When Richard Gitlin, an accomplished entrepreneur and professor in the College of Engineering at the University of South Florida, invented DSL he probably didn't anticipate the changes it would bring.
The technology, digital subscriber line, was a revolutionizing force in the telecommunications industry and one of the first ways to transmit the Internet.
But the innovation also bred hackers and pranksters that use the Internet for less than scrupulous means — which Gitlin learned firsthand.
Gitlin was photographed for a Business Review article in 2010, which was put online. (See Business Review, Jan. 8 2010.)
The picture, which is innocuous, became a viral caption meme. Parodying the epithet of the hardnosed engineering professor, anonymous jokers posted millions of copies of the picture captioned he'd likely say on various websites. For example, one iteration of the meme has white block text that says “Fire drill during class” on the top of the picture and “teaches outside,” on the bottom.
However silly it is, Gitlin's situation illustrates problems with Internet reputation that could affect any executive. In fact, pictures in any leadership biography section on any company websites are vulnerable — with little legal recourse.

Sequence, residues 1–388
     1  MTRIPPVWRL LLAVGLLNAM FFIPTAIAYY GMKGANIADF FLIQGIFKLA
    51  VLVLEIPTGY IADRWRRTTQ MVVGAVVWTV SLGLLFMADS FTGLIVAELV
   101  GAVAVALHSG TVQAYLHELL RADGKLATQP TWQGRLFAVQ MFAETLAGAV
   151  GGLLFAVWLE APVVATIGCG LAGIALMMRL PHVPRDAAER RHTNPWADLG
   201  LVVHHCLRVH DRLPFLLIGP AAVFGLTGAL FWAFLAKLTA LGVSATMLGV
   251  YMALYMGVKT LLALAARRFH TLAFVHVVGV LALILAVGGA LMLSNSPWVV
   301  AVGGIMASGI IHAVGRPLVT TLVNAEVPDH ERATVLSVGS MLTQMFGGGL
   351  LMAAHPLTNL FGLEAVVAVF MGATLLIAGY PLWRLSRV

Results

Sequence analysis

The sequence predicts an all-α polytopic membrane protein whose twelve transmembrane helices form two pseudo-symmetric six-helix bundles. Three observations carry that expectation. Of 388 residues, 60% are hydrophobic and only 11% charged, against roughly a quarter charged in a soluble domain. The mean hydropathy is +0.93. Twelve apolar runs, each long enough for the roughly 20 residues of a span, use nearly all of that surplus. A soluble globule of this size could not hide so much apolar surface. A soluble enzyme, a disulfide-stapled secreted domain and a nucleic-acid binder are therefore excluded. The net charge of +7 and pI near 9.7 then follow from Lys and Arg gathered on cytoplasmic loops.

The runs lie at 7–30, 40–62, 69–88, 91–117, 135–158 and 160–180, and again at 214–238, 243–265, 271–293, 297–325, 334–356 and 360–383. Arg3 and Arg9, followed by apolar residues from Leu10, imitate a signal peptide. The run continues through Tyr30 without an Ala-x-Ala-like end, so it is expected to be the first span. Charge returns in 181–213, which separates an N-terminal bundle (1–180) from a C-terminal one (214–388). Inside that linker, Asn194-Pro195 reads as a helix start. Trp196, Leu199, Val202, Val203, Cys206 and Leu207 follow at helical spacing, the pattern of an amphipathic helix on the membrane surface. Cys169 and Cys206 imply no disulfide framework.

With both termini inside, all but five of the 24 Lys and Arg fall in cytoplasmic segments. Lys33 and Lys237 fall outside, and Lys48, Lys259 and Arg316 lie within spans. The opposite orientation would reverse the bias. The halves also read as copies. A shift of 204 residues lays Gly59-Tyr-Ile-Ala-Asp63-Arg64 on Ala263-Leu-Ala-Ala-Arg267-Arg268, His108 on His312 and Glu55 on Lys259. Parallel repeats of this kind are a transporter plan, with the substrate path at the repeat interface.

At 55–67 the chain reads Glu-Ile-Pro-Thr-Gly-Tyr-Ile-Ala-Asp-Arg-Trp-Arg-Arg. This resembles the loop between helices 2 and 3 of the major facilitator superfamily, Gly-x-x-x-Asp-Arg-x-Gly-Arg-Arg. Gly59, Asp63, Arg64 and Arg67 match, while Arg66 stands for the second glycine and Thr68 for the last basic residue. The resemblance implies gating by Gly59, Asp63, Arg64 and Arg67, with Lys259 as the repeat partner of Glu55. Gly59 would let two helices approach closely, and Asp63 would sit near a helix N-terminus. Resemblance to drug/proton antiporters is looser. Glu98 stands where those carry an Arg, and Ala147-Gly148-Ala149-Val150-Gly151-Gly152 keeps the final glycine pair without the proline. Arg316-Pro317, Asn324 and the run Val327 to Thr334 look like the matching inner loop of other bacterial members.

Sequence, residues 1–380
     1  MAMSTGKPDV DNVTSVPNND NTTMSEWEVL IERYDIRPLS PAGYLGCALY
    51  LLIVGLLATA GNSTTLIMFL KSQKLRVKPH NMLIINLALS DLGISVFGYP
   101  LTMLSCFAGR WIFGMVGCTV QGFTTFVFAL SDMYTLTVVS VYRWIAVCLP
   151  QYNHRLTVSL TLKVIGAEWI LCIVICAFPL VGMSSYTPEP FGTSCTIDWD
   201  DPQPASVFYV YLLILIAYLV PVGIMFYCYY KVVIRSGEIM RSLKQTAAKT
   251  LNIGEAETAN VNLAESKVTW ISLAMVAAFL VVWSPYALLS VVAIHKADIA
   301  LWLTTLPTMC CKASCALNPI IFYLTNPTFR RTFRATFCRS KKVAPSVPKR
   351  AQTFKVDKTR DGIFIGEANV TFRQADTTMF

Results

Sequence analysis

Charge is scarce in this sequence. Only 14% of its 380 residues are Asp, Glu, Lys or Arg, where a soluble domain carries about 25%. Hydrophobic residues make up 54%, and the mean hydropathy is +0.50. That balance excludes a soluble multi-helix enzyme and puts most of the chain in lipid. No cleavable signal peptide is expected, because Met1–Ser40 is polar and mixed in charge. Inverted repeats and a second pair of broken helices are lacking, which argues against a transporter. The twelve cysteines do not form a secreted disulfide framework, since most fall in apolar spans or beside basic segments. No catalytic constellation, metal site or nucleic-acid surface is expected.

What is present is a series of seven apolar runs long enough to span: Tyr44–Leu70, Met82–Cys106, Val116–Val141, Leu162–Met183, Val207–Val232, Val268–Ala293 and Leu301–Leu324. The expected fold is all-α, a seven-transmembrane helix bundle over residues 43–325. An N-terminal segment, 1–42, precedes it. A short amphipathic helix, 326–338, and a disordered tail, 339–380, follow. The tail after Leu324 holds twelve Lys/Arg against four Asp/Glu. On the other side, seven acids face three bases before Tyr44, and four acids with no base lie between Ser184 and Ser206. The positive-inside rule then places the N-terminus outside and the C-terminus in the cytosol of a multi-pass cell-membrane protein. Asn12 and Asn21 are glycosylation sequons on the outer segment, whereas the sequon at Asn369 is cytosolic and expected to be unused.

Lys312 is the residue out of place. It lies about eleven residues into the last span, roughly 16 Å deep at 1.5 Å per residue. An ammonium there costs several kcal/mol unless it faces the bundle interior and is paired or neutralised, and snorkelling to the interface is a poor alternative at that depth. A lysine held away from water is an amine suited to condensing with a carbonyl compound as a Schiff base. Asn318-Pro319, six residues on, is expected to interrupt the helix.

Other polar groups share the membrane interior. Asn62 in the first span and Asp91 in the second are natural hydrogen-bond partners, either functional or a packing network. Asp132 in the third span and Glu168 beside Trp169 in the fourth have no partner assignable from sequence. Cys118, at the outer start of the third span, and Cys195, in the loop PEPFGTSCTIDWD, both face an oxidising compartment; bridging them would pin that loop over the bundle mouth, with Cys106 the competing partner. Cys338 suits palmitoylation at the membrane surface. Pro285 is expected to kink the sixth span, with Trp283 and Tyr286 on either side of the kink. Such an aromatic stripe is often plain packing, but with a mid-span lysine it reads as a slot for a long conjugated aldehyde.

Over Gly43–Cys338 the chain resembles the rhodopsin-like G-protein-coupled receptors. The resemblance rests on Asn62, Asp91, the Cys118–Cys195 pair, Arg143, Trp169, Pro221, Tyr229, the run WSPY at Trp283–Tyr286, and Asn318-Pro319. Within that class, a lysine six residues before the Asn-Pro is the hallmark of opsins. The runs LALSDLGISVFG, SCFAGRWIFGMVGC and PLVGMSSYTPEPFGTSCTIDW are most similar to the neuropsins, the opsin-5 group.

Julee Milham, a solo attorney specializing in intellectual property based in St. Pete Beach, says fighting this type of virtual copyright theft has been construed as a violation of freedom of speech.
For example, a Los Angeles woman sued Universal Music Group in 2007 for lobbying YouTube to remove a clip she posted on the video-sharing website. The Universal-owned Prince song “Let's Get Crazy,” plays in the video of her toddler dancing. The woman won the suit, setting a precedent that's hard to overcome.
Milham says it's important to register copyrights for digitally shared photos, but they will always be vulnerable to duplication.
“Just when a copyright owner thinks they're one step ahead of the replicators, they find a new way to pirate intellectual property,” Milham explains.